Oil to Boil, What's Next?

  • 2022-03-02 11:40:47
  • 5 min read
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The Russian war on Ukraine has dominated the news for the past week and will remain until a truce is established. However, it has reinforced already strong bullishness on energy markets and even reversed the beginning of an investor outflow from oil positions. For the past few months, prices have been on a consistent rise due to an expected imbalance between demand for crude oil and the supply of the commodity.


U.S. oil rose to its highest level, since 2013, with global benchmark Brent reaching $110 per barrel as crude's meteoric rise continues. The rise comes as OPEC and its oil-producing partners, including Russia, prepare to meet on Wednesday to talk about April's output.


Brent crude futures surged $7.00, or 7.1 %, to $104.97 per barrel, the highest closing since August 2014.


The U.S. oil benchmark, West Texas Intermediate crude futures (WTI) rose $7.69, or 8.0 %, closing at $103.41, its highest level since July 2014, and it achieved the most percentage gain in a single day since November 2020.


Members of the International Energy Agency announced plans to release 60 million barrels of oil reserves on Tuesday to slow the rise in oil prices. The U.S. will release 30 million barrels as part of this. The announcement, though, did nothing to calm the markets.    


According to Goldman Sachs: “Demand destruction, through still higher prices, is now likely the only sufficient rebalancing mechanism, with supply elasticity no longer relevant in the face of such a potentially large and immediate supply shock”.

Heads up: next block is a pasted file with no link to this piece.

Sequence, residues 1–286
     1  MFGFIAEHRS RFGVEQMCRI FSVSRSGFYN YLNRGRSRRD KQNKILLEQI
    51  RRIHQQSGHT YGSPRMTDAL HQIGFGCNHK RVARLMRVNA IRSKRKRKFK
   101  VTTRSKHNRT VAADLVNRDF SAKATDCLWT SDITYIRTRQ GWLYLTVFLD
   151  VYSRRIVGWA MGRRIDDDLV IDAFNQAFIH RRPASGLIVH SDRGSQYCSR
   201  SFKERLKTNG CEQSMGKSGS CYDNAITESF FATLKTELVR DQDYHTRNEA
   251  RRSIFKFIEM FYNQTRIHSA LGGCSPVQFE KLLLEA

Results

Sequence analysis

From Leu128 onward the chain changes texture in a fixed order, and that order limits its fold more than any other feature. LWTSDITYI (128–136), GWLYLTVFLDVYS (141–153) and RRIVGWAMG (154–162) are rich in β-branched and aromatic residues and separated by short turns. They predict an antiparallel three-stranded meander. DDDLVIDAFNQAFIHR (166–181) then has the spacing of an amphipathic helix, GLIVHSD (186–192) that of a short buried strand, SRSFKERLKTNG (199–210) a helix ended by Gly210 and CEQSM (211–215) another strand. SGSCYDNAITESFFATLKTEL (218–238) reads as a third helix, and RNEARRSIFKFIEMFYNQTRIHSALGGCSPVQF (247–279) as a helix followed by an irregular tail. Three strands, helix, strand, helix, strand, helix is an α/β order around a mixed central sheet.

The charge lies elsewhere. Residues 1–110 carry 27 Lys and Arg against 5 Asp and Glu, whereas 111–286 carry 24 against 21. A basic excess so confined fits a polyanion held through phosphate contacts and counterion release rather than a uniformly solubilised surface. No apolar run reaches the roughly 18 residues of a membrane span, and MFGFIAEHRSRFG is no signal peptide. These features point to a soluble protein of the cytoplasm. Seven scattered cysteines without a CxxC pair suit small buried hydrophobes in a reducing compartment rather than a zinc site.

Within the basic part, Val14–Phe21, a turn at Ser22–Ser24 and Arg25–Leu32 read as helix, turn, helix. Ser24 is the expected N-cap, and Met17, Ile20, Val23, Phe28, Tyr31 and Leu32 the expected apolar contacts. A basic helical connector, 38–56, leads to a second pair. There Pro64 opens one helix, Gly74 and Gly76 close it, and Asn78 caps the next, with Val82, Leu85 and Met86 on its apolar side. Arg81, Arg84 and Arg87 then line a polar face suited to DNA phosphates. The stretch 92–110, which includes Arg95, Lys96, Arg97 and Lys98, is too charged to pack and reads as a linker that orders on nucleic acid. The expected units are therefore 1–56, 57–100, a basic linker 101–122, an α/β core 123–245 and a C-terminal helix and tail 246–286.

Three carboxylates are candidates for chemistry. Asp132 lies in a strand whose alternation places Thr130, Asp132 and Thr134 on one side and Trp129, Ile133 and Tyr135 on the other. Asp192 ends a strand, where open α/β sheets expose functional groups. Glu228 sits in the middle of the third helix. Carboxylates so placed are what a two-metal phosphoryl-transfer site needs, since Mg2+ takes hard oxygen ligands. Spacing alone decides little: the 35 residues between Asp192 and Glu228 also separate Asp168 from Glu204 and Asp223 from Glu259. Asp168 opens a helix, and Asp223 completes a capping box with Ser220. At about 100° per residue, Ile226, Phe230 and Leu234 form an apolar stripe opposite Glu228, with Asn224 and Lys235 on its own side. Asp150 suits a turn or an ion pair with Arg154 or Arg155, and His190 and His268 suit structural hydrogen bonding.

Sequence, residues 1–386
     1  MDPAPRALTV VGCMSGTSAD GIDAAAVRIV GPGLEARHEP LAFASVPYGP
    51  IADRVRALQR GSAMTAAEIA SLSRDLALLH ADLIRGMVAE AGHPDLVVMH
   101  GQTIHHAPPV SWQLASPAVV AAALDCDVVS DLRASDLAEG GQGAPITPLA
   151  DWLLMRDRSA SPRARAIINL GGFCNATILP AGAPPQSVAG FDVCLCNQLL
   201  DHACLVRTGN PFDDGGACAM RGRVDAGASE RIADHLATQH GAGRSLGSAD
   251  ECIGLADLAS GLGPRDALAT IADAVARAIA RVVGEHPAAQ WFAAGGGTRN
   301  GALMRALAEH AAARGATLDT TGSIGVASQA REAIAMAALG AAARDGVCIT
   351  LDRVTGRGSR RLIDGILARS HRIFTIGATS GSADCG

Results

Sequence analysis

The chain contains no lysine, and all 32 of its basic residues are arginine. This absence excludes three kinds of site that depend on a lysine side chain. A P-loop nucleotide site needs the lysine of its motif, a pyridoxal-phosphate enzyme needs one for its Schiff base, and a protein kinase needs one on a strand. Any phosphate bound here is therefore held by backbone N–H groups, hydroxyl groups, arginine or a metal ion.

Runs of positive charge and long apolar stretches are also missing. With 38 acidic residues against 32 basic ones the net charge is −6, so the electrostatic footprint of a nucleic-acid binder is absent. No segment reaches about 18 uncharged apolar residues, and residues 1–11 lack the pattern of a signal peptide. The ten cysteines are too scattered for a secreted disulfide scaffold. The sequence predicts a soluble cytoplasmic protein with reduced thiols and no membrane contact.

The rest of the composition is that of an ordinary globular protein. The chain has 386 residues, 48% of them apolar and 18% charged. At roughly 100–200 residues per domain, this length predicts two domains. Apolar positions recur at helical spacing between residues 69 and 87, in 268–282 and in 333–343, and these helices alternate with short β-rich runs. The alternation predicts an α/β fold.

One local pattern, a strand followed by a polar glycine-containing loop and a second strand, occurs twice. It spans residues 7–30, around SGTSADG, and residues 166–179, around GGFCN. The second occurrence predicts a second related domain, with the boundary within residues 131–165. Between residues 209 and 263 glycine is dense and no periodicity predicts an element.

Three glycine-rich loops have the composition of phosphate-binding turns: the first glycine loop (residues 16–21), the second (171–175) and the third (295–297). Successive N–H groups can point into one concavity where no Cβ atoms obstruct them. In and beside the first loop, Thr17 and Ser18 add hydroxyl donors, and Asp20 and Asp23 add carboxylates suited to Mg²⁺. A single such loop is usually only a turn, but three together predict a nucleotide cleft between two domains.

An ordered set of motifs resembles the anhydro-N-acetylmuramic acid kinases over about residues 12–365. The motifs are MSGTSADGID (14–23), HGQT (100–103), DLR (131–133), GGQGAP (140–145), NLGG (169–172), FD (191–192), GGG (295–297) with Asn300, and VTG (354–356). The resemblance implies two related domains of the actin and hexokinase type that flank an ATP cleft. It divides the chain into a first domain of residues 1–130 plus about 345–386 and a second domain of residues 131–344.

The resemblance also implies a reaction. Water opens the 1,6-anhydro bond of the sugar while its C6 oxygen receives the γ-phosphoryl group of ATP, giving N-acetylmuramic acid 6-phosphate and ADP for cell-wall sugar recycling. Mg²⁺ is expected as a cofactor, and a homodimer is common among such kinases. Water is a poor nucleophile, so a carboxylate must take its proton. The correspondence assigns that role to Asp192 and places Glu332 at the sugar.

WTI and Brent are already up more than 40% year to date, indicating that demand is picking up while supply remains tight. After executing a historic production cut of roughly 10 million barrels per day in April 2020, OPEC and its oil-producing allies have been gradually reintroducing barrels to the market increasing output by 400,000 barrels per day each month.


“Brent crude could surge to the $120 level if the oil market starts to think it is likely that sanctions will be placed on Russian energy,” said Edward Moya, senior market analyst at Oanda. He added, “Investor’s struggle to go long risk as the Russia-Ukraine crisis intensifies and as surging oil prices threaten economic growth prospects". “Stagflation risks have never been greater, and that should continue to fuel the many commodities super cycles that are running hot".


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